I don't know what affects my listening moods or habits. Maybe it's lay lines or "biorhythms" or some other such new age, hippy clap trap. Whatever it is it's taken me down a pretty old fashioned road this week.
In reality I think I'm still pretty high after seeing Stan Tracey the other week. And something I read that Stan had said has obviously struck a chord.
I forget the exact quote (and I'm buggered if I can find it!), but he commented on the "growth" of modern piano led jazz trios. How technically proficient they all, undoubtedly, were - but they just didn't get his toe tappin'....
And I suppose that's true to an extent. All your ESTs, your Curios, your Neil Cowleys and Tord Gustavsens are fantastic - but their music is very complex, structured and layered. Sometimes all you need or want is a happy wee tune! That isn't a criticism of them, and I don't think Stan was criticising either, it was more a comment that there are very few piano led jazz bands now who just play traditional jazz tunes ... really well.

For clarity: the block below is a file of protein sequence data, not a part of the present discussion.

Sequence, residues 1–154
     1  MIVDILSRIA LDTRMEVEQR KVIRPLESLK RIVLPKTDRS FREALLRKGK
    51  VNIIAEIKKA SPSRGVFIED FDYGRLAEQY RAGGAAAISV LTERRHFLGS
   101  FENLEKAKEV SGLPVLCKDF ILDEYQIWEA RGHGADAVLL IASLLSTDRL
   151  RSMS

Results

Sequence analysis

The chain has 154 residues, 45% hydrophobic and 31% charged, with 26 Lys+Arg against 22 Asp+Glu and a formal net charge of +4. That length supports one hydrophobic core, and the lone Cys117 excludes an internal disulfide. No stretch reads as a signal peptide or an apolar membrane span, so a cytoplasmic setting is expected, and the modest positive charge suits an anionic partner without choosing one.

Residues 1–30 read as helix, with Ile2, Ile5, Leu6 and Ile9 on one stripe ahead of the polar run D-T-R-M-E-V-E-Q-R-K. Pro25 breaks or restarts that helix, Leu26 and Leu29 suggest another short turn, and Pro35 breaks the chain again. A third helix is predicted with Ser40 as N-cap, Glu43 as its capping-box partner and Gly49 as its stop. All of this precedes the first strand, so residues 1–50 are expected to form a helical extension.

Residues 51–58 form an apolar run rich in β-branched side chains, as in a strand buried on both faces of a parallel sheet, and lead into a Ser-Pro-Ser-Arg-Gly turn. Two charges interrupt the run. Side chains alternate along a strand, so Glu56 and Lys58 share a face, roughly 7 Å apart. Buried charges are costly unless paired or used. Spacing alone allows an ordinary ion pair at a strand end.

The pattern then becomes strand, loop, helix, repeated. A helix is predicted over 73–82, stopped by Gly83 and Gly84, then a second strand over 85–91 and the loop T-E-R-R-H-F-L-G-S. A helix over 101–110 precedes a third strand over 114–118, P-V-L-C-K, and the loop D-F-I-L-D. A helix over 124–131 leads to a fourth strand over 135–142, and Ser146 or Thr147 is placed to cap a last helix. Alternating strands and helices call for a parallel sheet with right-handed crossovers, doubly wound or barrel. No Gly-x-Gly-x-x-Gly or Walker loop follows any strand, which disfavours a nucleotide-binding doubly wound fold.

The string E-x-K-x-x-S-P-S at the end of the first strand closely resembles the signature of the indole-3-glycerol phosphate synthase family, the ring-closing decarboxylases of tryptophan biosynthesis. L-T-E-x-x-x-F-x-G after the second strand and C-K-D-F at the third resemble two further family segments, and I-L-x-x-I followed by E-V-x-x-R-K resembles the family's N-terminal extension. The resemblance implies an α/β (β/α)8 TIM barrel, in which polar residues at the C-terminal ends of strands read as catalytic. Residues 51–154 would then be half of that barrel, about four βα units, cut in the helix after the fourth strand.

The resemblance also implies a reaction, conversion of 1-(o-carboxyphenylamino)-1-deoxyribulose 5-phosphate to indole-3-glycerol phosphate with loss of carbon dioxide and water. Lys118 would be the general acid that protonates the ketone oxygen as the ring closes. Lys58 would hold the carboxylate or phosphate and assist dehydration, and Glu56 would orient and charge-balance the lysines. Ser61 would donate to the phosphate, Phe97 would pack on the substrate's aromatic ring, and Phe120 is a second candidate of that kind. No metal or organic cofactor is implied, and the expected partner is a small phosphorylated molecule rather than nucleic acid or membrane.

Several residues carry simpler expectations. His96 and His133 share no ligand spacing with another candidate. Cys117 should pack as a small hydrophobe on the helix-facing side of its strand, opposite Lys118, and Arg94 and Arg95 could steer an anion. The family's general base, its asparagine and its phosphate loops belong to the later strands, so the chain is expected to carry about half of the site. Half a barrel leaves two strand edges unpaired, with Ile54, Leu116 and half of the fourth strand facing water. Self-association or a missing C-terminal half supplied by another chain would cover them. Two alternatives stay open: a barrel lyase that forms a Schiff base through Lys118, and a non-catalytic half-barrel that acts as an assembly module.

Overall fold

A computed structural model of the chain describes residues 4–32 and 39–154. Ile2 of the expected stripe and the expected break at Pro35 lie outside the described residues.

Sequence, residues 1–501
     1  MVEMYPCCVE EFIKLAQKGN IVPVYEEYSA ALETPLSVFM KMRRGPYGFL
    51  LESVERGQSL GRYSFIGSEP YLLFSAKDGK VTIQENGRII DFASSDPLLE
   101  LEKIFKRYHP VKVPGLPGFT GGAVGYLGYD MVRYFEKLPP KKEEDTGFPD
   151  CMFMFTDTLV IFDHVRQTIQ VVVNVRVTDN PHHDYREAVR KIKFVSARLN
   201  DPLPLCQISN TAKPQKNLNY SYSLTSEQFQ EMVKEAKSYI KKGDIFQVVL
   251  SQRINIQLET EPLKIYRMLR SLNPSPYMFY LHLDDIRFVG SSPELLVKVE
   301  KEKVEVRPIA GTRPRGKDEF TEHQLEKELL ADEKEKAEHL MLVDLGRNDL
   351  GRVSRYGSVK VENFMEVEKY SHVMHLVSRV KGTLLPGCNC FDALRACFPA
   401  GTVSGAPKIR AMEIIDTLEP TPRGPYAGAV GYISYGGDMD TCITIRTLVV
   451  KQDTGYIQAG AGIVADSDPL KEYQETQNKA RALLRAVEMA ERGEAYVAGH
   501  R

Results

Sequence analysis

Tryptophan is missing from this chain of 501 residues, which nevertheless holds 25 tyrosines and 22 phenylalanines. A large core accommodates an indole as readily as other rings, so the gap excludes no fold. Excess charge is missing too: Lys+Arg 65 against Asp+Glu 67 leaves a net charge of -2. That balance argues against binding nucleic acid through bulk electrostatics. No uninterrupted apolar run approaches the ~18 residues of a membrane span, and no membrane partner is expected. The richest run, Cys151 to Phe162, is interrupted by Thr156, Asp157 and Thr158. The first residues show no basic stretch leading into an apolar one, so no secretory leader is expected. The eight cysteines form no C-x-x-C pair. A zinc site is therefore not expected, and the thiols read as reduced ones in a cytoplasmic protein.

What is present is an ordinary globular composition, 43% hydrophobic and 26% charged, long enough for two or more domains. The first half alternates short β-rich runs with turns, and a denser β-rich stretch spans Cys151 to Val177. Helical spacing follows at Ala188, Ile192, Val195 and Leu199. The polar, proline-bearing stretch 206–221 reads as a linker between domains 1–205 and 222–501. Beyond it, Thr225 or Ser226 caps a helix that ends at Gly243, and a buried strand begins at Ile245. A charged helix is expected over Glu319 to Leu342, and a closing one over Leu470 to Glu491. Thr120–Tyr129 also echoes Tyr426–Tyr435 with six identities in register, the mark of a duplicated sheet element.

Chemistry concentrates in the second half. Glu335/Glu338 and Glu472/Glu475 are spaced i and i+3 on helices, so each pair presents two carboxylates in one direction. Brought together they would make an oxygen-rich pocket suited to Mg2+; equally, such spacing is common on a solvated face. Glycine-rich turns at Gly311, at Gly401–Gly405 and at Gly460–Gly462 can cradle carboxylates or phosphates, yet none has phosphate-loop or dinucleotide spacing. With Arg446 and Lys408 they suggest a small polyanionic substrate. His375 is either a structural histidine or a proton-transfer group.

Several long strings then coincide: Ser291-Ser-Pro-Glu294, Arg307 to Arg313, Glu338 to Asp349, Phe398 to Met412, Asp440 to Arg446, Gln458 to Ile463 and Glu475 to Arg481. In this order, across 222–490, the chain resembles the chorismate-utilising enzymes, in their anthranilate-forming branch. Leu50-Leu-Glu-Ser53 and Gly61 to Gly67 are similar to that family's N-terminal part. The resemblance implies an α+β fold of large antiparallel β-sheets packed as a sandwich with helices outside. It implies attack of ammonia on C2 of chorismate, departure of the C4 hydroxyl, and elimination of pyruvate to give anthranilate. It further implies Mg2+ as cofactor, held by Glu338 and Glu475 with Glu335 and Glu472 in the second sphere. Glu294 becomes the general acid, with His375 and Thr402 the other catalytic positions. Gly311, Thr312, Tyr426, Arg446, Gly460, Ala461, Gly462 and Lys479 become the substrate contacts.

So. I've been listening to a couple of the old un's.. George Shearing, Stan Tracey (obviously), Errol Garner and Oscar Peterson. Not all trios - but all in small combo settings.
Yesterday to augment my meager collection of Peterson's work I got "We Get Requests" the last trio recording he did for the Verve label (well, last for the Verve label - full stop). An album of jazz versions of hits of the day (1964) and well know covers, it's a sort of "ubber-cocktail lounge" record. Really mellow and soothing but never overstepping the mark into cheesy.
There's a version of "The Girl From Ipanema" on it that I love... which is surprising because I usually hate that tune - it's become a byword for "muzak" over the years.